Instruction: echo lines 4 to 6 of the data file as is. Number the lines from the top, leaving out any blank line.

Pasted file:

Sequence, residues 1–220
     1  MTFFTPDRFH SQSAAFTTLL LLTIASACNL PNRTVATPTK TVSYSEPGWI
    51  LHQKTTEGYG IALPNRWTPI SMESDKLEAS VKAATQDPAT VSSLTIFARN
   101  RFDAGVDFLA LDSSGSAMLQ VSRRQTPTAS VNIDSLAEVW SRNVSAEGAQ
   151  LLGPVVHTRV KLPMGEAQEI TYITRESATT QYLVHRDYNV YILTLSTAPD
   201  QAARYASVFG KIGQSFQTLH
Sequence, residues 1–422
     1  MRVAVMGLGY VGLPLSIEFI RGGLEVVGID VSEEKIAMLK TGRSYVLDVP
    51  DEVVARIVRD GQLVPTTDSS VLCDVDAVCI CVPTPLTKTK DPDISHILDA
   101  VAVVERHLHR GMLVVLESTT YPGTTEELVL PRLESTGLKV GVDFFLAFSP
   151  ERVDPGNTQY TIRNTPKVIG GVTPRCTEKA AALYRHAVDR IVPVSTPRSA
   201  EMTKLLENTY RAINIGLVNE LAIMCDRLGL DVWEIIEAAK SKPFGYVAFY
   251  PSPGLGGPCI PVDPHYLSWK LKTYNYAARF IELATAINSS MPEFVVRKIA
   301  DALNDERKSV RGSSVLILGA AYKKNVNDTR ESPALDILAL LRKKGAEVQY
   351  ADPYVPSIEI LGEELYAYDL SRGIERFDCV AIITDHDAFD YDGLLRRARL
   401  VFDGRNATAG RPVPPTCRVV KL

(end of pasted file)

   101  RFDAGVDFLA LDSSGSAMLQ VSRRQTPTAS VNIDSLAEVW SRNVSAEGAQ
   151  LLGPVVHTRV KLPMGEAQEI TYITRESATT QYLVHRDYNV YILTLSTAPD
   201  QAARYASVFG KIGQSFQTLH